News New small (GaN) 300W power brick

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Stevo_

Master of Cramming
Jul 2, 2015
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I've posted a couple of times about that very charger over in the new toys thread - good to see there are more people here discovering it! I'm laughing at that ebay listing though, tacking on the completely unrelated Xiaomi brand for ...SEO? Nonetheless a very good GaN charger :)
I have a feeling they may ship under that name as well, have seen ZMI too. It appears they are all probably made by gansemi in Shenzhen as they list all those brands.

Finding that adapter cable made the sale for me though.
 
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Valantar

Shrink Ray Wielder
Jan 20, 2018
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I have a feeling they may ship under that name as well, have seen ZMI too. It appears they are all probably made by gansemi in Shenzhen as they list all those brands.

Finding that adapter cable made the sale for me though.
I've just bought a bunch of PD negotiator boards off AliExpress so I can roll my own :D Some fixed voltage (got some 12V and some 20V) and some that let you choose the voltage (5/9/12/15/20V) by pressing a button. Very useful!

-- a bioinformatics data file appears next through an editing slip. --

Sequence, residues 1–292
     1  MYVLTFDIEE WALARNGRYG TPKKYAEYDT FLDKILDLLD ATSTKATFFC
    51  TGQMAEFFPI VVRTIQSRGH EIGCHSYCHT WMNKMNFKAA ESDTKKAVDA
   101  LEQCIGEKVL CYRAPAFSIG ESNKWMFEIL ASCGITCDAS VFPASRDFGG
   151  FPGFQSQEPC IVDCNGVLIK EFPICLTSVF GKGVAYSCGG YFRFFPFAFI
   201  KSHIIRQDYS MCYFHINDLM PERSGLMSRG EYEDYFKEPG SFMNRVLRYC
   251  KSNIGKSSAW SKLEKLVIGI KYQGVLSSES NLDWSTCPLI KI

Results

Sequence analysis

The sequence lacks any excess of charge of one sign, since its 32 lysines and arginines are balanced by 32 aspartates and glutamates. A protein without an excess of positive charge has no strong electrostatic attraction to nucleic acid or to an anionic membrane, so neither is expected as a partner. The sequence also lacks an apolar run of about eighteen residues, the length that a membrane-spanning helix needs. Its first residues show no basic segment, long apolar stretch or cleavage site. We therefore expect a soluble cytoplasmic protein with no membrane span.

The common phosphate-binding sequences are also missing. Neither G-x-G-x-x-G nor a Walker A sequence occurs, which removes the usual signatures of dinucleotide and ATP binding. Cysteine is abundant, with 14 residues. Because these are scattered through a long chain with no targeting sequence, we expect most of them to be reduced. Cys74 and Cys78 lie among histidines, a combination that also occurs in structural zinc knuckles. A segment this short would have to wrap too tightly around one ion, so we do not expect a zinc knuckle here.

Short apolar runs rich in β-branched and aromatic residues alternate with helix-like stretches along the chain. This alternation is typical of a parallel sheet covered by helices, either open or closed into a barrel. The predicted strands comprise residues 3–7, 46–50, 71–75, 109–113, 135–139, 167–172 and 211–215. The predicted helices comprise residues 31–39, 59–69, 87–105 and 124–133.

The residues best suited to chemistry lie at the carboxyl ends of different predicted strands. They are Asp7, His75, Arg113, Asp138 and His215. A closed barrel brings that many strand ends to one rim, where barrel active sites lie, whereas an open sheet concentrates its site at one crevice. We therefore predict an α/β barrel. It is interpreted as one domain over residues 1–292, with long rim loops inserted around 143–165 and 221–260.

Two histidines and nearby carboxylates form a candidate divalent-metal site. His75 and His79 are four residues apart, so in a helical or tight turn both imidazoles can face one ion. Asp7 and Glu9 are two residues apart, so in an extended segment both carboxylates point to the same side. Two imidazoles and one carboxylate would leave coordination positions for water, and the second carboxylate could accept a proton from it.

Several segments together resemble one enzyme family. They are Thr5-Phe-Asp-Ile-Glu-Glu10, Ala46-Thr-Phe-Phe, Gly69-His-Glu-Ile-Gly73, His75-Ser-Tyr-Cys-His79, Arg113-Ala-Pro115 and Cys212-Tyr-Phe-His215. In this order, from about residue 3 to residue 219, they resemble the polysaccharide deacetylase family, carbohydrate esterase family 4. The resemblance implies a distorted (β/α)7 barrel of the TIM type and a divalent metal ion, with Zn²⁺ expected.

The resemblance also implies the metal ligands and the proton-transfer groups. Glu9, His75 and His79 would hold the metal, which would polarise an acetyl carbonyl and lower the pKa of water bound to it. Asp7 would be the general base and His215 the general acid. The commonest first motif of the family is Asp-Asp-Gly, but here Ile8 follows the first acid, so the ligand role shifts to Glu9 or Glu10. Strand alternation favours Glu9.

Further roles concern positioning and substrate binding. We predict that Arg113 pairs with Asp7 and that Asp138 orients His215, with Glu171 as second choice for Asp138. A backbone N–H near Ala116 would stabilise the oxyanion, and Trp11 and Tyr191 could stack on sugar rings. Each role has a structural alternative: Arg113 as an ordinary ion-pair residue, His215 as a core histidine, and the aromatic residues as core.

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Stevo_

Master of Cramming
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I am mod over at /r/usbchardware and a regular reader of /r/thinkpad and the reports about these noname PD triggers are typically on the negative. Lenovo has https://support.lenovo.com/us/en/accessories/acc500104 search for 4X90U45346 it's now easily available but 45W only.
Posted this on my HP thread.

Got one of these USB Type C power meters to check on things, was surprised at less than 20V, so measured at the board and 12.93V there so reading seems reasonable allowing ~1V for 6ft of cable drop. Removed the meter to see if it was interfering with the chip function, but reading at mobo remained at 12.93V. I need to looks at the PD spec, it's possible the higher voltage is a demand type thing. Even at the low voltage I've had no issues yet. Mobo is probably OK at 12V, have seen the power spike to ~30+ W. Meter even has a cumulative mAh reading if your running off a power bank.

 

Valantar

Shrink Ray Wielder
Jan 20, 2018
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Posted this on my HP thread.